There is however another factor that comes into play. If humans dislike missing pieces, they love patterns. We like building in straight lines or in ways that are pleasing to the eye. To put it succinctly, we like symmetry. Which is why our ideas and suspicions about the supernatural become ordered – over the generations, religion has become codified and we have developed sets of rules, rites and rituals, which remind us of those beliefs.
It is this organization of belief that can lead to extremes of behaviour. Of course it can be for the good of the many, encouraging human beings to greater altruism and higher achievement. Right now, as you read this, there are thousands of Catholic priests and nuns, living and working in the most dangerous and appalling conditions imaginable, in the hellholes of the world, bringing hope to people who would otherwise have no hope.
On the other hand, organized belief can be pernicious, leading to pogroms, inquisitions, holocausts, religious wars, and holier than thou desires to fly passenger planes into skyscrapers. Either way, it seems we will be stuck with it for a while to come.
Sure, belief has been a useful tool in the human survival strategy, but higher education and a better understanding of science is fast eroding belief as an important constituent of the human psyche. No amount of belief makes something a fact unless it stands up to scientific test. There is no religious or supernatural belief that passes this test.
It is man who made god, not the other way round. And all because three million years ago something went bump in the night…
A pertinent point is that religious people are more likely to have a poorer understanding of the real world. People who believe in an all-powerful deity are also more likely to believe in the supernatural or that inanimate objects hold special power.
These individuals lack of understanding about the physical world means they apply their own rules and are more likely to believe in demons, spirits, ghosts, exorcism and the efficacy of Ouija boards. They also have a great fear of hypnotism, but that’s another story!!!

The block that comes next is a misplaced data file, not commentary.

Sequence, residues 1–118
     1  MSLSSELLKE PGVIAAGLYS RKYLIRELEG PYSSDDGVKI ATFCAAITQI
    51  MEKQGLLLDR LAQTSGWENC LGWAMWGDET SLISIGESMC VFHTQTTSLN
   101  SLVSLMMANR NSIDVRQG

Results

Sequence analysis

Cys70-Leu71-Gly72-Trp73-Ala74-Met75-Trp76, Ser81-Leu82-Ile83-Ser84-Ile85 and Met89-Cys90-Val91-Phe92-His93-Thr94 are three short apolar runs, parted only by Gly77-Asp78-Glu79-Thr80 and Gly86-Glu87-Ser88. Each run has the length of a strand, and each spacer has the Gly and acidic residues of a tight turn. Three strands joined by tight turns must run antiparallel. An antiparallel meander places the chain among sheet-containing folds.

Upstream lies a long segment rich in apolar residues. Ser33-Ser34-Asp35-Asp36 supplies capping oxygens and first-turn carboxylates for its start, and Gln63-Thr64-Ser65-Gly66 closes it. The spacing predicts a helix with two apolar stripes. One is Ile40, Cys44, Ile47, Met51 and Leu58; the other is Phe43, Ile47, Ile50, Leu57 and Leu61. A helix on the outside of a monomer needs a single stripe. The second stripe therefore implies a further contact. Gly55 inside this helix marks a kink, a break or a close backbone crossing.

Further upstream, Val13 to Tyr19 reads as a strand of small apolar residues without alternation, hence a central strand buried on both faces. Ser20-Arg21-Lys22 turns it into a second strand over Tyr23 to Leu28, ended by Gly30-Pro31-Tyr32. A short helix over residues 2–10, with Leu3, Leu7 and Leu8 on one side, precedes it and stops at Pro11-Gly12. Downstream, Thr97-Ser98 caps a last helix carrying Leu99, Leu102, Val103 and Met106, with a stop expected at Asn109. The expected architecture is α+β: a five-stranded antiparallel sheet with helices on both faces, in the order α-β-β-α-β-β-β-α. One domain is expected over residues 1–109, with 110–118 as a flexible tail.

A new study, undertaken by Marjaana Lindeman and Annika Svedholm-Häkkinen, from the University of Helsinki, compared religious people with those with autism because both struggle to understand the realities of the world.
258 people participated in the study. Initially, they were asked how much they agreed with the statement ‘there exists an all-powerful, all-knowing, loving God’ and also if they believed in paranormal phenomena such as ghosts and psychic visions. They were also tested on a range of other topics, including intuitive physics skills and an understanding of basic biology.
They found that people with strong religious beliefs tended to have an inadequate understanding of physical phenomenon, such as plate tectonics, meteorology, the solar system, the greater universe, and history – in particular, they were astonishingly ignorant of the history or the development of religion.
The more the participants believed in religious or other paranormal phenomena, the lower their intuitive scientific skills, mechanical and mental reasoning abilities, school grades in mathematics and physics, and knowledge of physical and biological science.
The results strongly suggest that religious people tend to base their beliefs on instinct, rather than analytical and critical thinking.
Significantly, a study in 2013 by researchers at the University of Rochester suggested that religious people tend to have a lower IQ. This study suggested that people with higher IQs had greater self-control and were able to do more for themselves and so did not need the buffers that religion provides.
Copyright Andrew Newton 2014. All rights reserved.